An Ode To Jet Fins

Apex Predator Athletics

Originally introduced way back in 1965, the Scuba Pro Jet Fin has remained a standard issue item in kit bags of special operations personnel, civilian divers, and good looking talented people everywhere despite “more ergonomic” and “less painful” options being available. From the deltas of Vietnam to the deep sea and everywhere in between, jet fin’s proven track record of dependability and performance has been iron cast making them the only real rational choice for wet work.

U.S. Air Force members from the Special Tactics Training Squadron, Air Force Special Operations Command, Hurlburt Field, Fla., enter the pool during pre-scuba training Sept. 21, 2010. (U.S. Air Force Photo by Master Sgt. Russell E Cooley IV)
U.S. Air Force members from the Special Tactics Training Squadron, Air Force Special Operations Command, Hurlburt Field, Fla., enter the pool during pre-scuba training Sept. 21, 2010. (U.S. Air Force Photo by Master Sgt. Russell E Cooley IV)

Up until recently, Jet Fins were only available in flat black or flat black, but Scuba Pro has recently extended the line to include 7 additional color ways. Jet Fins are a no nonsense tool built for functionality with little to no concern for the wearer’s comfort. Weighing in at 5 to 7 pounds they can be an excellent addition to dry land flutter kick drills or leg levers. The holes drilled in the mid fin allow for sufficient ventilation allowing the swimmer to generate velocity both on the up and down stroke of the kick which maximizes the effective force delivered through out the movement. An experienced operator or driver should be able to tell you how far they travel with each kick, a skill they are taught through out training to allow for sub surface navigation in blacked out conditions. If you know each kick takes you 7 yards and if its 140 yards to your target, even if visibility is crapped out you can calculate that 20 kicks should put on target.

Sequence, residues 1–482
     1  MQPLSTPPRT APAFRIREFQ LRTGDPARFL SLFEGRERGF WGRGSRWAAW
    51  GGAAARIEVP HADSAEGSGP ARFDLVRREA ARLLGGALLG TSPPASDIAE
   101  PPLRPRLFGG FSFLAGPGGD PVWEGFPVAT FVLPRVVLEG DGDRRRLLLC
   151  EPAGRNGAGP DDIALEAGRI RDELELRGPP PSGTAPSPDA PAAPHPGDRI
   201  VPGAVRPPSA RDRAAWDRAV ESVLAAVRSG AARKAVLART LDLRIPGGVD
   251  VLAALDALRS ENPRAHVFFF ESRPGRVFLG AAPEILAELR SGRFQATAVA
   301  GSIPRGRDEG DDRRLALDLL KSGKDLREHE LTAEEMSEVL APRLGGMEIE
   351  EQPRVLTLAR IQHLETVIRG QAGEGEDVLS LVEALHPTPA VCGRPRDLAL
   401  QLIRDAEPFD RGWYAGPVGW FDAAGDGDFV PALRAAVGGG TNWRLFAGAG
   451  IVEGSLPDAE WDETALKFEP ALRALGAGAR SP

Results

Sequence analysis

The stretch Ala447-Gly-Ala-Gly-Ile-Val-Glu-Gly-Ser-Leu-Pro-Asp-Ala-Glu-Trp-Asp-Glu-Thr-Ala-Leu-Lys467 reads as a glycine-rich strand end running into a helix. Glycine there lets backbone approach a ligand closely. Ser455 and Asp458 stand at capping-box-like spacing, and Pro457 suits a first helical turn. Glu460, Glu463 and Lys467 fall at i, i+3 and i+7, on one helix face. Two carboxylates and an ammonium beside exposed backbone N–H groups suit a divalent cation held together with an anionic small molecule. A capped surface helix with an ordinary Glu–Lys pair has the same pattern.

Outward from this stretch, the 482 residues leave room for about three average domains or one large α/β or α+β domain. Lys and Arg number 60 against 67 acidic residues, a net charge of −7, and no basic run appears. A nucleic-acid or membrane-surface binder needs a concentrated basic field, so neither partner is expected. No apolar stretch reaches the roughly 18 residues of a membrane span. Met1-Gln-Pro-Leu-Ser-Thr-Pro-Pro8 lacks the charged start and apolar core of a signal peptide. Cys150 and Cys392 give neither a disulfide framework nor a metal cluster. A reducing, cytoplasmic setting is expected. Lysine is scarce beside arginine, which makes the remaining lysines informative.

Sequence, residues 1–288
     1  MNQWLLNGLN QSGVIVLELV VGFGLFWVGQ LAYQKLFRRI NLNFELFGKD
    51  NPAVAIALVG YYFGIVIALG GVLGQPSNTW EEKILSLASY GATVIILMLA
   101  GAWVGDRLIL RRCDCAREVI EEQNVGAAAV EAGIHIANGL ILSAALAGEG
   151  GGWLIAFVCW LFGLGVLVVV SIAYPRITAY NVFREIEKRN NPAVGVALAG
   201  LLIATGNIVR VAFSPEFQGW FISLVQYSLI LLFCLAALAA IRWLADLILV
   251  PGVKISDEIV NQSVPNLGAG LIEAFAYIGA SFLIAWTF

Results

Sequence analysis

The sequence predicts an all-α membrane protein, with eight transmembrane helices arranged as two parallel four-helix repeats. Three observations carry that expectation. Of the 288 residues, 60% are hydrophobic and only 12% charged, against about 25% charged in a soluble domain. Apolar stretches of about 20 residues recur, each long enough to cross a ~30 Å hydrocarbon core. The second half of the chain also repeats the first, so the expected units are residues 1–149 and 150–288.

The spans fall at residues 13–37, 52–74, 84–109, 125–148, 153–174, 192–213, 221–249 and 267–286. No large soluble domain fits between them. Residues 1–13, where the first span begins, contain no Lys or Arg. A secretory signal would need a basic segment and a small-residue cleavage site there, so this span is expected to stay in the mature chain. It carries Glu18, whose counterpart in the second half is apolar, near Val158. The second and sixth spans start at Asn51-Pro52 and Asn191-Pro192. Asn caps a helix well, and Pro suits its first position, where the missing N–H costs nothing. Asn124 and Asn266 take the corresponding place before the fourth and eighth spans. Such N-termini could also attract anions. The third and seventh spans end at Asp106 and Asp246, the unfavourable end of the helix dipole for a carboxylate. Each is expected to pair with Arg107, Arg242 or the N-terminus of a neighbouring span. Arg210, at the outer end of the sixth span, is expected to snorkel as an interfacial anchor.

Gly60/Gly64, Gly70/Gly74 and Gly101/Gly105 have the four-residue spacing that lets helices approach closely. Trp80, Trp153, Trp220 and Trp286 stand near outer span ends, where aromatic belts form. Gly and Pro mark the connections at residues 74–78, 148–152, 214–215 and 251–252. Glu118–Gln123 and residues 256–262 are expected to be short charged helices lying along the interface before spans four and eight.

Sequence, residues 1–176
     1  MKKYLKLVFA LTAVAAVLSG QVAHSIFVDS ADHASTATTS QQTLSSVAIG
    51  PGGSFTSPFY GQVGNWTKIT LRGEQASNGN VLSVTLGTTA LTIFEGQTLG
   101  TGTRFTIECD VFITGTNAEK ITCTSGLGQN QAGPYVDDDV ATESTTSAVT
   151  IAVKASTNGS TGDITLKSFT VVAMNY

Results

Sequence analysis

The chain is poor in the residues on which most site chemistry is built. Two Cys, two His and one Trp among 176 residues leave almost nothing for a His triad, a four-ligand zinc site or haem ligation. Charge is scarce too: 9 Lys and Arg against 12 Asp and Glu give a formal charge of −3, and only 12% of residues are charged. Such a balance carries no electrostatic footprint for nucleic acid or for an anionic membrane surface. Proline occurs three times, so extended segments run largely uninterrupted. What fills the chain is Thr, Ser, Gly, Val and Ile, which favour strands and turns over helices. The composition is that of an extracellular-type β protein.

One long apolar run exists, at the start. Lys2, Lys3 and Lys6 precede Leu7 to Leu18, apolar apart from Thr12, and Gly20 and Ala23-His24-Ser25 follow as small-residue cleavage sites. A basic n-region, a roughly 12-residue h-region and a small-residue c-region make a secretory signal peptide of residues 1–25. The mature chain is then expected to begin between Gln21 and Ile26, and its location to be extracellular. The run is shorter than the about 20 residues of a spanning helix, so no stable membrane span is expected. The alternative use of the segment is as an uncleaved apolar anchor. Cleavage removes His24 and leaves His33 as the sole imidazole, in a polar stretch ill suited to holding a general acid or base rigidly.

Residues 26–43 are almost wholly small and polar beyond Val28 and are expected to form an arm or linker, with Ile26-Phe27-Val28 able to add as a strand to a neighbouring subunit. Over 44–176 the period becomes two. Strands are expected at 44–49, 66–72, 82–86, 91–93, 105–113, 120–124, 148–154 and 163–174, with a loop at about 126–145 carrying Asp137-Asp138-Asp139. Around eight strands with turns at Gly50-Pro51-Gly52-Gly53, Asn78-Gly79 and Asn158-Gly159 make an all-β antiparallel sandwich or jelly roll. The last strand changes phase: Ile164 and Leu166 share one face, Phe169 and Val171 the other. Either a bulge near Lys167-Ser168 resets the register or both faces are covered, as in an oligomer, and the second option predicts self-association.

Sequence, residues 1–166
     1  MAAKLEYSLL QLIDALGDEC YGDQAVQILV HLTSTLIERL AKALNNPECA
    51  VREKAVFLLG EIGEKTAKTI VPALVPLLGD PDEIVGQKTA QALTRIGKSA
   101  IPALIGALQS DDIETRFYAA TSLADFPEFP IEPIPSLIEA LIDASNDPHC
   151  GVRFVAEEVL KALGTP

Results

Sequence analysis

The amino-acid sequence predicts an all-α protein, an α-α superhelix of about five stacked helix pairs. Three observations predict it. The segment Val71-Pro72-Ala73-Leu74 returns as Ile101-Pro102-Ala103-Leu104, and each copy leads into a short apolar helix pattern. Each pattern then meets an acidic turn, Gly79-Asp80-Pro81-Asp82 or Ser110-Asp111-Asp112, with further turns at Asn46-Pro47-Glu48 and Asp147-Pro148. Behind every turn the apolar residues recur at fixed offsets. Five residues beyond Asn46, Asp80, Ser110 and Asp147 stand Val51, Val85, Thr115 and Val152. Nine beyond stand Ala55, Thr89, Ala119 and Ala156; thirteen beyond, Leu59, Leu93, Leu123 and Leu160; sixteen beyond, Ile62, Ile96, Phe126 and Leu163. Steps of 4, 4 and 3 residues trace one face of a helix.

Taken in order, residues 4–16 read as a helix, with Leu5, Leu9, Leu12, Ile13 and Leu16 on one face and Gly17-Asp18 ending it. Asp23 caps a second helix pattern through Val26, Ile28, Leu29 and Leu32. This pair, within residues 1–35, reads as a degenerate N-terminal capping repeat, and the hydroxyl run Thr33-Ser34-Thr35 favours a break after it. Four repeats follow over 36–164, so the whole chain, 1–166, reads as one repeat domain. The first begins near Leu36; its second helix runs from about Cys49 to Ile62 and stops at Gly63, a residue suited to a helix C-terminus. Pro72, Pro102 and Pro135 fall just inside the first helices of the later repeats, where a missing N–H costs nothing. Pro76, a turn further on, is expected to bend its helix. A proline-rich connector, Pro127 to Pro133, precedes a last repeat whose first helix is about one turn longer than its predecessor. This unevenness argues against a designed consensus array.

BUD/S candidates earn their Jet Fins in the cold waters surrounding Coronado Special Warfare Amphibious Base. Here one such candidate learns how to enter the water from a speeding zodiac.

Spring heel straps are really the only available customization to the user, and allow for easier adjustment of fin tightness when wearing gloves. Some claim they make the fin fit more comfortably (Coach Visible) to which I say… WHO NEEDS BLING! Depending on your foot size, and shape, the boot cup of the fin impacts you differently, and with only two sizes of fin to choose from you need to learn how to work within the mobility limitations of the fin to achieve maximum performance. If you ever see me working in my fins you will notice I wear the strap low, see IMG below, over the heel of my foot. I have found that this position allows me to exert maximum force with out pinching my Achilles tendon and cutting blood flow to the point of numbness or pain in the foot. I encourage you the reader to experiment with strap type and placement to find what works best for you.

The traditional strap placement most commonly employed.